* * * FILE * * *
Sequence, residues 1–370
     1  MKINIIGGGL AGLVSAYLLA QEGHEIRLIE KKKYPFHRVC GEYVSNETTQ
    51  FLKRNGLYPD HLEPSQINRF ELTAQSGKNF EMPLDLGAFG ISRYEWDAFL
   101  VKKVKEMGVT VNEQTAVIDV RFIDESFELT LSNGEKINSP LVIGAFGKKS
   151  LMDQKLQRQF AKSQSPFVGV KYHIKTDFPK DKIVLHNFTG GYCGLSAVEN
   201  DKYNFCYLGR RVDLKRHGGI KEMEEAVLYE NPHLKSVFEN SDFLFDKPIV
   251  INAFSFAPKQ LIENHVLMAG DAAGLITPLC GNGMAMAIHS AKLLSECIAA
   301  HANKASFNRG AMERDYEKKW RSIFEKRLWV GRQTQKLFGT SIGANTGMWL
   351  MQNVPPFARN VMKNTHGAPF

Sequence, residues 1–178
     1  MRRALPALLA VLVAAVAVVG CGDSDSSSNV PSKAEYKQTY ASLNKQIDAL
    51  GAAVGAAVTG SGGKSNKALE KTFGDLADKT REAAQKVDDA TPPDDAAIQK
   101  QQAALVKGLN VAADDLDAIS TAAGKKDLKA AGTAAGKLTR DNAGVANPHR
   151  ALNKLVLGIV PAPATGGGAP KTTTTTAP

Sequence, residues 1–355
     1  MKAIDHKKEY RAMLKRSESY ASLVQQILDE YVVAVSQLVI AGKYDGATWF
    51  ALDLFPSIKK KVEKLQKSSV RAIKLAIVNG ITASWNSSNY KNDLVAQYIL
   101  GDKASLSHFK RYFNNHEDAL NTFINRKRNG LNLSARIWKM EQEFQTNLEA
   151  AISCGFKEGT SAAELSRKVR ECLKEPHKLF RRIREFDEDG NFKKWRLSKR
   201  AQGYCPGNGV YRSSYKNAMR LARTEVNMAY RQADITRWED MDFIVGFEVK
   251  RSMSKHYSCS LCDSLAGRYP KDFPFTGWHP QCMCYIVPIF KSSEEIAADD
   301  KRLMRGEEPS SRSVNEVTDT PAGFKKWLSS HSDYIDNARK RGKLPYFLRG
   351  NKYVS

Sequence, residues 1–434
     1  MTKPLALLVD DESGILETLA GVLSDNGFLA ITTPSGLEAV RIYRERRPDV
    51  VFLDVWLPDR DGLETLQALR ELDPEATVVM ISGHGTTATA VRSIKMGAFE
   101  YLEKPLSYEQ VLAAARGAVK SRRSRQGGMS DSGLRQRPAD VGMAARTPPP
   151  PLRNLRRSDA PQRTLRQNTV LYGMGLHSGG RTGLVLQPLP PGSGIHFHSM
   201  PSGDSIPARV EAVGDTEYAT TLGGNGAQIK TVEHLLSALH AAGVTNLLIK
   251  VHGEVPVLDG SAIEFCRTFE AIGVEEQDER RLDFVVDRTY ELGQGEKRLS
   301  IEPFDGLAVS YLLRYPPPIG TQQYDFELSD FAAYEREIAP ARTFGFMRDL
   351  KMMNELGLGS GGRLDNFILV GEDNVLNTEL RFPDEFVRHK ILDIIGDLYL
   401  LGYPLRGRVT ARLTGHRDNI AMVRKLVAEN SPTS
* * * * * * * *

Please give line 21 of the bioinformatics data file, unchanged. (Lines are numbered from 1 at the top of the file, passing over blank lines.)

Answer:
   251  RSMSKHYSCS LCDSLAGRYP KDFPFTGWHP QCMCYIVPIF KSSEEIAADD